The ‘power’ of economic development

The local media this morning is reporting that residential electricity customers won’t have to pay as big an increase for power next year as NB Power predicted in October The Public Utilities Board ruled on Wednesday that industrial users will have to pay a larger part of the average 11 per cent increase NB Power is seeking in 2006-2007 and residential users should pay less.

Now, in the interest of full disclosure, I just bought this summer a big old maison in downtown Moncton. My electricity costs are absolutely shocking (no pun intended) but I can’t help but think this ruling may hamper economic development.

One of the cost areas that manufacturers look at closely when evaluating a community is energy costs. I have watched over the past 15 years as our industrial and commercial power rates have steadily risen from one of the best in Canada to now one of the worst.

Maybe we don’t realize how much we are reliant on manufacturing in this province. Well, let me remind you that manufacturing jobs in Greater Moncton alone grew by over 50% from 1991 to 2001. Other areas of the province such as Bathurst-Campbellton are even more reliant on manufacturing.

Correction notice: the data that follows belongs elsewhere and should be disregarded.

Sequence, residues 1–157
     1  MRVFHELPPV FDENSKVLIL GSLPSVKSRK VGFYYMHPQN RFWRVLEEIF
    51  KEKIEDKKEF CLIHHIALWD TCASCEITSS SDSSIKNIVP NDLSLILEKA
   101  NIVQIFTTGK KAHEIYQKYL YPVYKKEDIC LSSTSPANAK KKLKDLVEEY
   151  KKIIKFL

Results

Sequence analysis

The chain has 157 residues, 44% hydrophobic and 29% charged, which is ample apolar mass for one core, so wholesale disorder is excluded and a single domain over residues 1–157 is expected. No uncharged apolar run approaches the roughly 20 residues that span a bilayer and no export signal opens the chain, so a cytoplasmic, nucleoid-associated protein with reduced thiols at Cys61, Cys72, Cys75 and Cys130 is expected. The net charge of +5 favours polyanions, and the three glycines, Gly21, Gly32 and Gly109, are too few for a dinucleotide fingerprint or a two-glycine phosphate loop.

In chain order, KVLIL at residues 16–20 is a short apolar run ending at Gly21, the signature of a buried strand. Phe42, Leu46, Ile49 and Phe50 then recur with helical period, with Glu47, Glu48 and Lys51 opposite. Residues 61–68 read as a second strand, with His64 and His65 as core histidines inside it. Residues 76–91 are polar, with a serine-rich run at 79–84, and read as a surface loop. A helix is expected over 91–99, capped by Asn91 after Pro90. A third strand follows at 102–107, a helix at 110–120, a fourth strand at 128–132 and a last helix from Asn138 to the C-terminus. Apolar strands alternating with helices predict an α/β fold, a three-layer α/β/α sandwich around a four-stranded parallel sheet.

So hammering industrial users may be a great political decision but maybe not a good policy decision.

I don’t know this for sure. Maybe manufacturers will absorb these increases. Maybe there will be grumbling but no real negative impact.

It will save me about $400/year – more than the measly income tax cut a couple of years ago – my pocket book is relieved – but my head tells me this is another ominous warning sign for the economic future of our province.

And I would gladly pay that $400 more per year if I thought it would contribute to fixing our economic problems.